Sunday, December 14, 2008

Same same but different

There is something about the curiosities of travel that opens your eyes to different ways of thinking. The contrast to our normal life and routines highlights the human condition, those traits we share with people who live in an entirely different culture. While the similarities are a comfort to the traveller, it is the small diferences which excite the senses, such as a family of four riding one small scooter, the constant merging and dividing of traffic, the electricity poles covered in cables like ivy, the music vendor of wheels, blasting out music as he wheels around the streets. And all this just in the car ride from the airport.

Flying into Ho Chi Minh City (Saigon) the hazy yellow lights illuminate busy streets and shanty towns, then suddenly you're in a taxi which is inside the flow of scooters, some with babies wedged in between the parents, sleeping peacefully. They weave in and out, riding on the footpath when the road is full, carrying mattresses, crates of beer, pigs, chickens, car tyres, and using the seat for canoodling when parked next to a lake. Crossing the road is a daunting experience. The first attempt is the most difficult because it takes faith in the scooter riders to go around you. It is a Moses-like feeling as you stride out into a busy road and emerge safely on the other side, despite the traffic never having stopped.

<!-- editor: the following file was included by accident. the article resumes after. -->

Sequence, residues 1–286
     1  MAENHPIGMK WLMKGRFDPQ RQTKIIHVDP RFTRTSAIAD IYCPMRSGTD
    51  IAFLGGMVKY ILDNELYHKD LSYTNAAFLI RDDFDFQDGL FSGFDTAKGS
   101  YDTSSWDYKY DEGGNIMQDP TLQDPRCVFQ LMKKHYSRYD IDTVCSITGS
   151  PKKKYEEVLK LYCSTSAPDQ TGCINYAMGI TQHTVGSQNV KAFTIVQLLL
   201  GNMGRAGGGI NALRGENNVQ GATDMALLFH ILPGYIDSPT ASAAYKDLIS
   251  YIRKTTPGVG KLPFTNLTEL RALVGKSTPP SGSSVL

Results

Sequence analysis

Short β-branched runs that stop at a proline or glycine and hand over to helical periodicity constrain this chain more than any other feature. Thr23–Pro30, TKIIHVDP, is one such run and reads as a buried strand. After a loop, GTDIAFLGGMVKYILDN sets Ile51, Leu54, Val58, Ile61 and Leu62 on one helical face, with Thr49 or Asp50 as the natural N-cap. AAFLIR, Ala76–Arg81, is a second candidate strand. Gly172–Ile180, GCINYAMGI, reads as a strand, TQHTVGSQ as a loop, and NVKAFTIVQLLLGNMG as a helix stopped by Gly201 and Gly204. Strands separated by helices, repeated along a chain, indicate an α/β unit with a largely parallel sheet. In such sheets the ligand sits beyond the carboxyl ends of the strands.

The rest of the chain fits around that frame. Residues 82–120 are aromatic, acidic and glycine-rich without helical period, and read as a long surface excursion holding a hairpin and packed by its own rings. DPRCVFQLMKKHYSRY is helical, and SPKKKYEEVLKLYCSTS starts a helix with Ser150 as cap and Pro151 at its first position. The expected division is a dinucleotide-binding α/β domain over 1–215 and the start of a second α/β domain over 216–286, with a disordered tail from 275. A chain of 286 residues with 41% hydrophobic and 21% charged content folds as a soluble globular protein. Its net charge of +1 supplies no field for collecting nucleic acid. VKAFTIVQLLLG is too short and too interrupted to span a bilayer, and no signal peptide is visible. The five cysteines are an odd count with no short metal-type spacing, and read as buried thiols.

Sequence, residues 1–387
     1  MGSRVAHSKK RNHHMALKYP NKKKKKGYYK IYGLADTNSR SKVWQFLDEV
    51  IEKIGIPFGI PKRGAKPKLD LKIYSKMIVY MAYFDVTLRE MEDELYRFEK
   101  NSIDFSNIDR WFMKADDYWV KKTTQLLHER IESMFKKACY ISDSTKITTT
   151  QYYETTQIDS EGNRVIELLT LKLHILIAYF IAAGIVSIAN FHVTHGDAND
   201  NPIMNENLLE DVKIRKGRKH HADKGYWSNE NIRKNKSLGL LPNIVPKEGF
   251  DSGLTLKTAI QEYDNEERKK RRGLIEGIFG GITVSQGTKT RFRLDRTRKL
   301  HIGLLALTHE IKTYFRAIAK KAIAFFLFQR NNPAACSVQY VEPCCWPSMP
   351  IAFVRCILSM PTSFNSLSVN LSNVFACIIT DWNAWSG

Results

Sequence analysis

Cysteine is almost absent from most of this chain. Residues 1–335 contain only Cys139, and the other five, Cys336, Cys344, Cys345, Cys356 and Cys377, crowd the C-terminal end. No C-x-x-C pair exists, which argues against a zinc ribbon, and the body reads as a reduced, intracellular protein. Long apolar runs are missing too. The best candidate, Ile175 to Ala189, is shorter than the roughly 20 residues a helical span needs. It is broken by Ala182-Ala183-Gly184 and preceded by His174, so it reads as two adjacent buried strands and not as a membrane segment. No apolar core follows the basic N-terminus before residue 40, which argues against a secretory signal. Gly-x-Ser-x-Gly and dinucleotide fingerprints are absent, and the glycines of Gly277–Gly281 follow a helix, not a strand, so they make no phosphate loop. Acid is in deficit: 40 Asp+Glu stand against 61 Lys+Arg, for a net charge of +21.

As a foreigner you assume they all know what they're doing, but we were told later than there are over 25 deaths per week just in Ho Chi Minh, and an enourmous number per year in all Vietnam. When you see people riding one-handed while talking on their mobile, it's not hard to see why. We saw about five accidents ourselves, a couple in front of our eyes, so any appearance of safety is an illusion. The protocol when riding in traffic is to avoid the people in front of you, but ignore everything behind you. It is their responsibility to beep their horn and let you know they're behind you. You also don't have to give way (or look) if you're turning right onto a busy road, it's other people's responsibility to miss you. All this adds up to noisy and chaotic streets, but it's part of the colour and excitement of Vietnam.

No comments: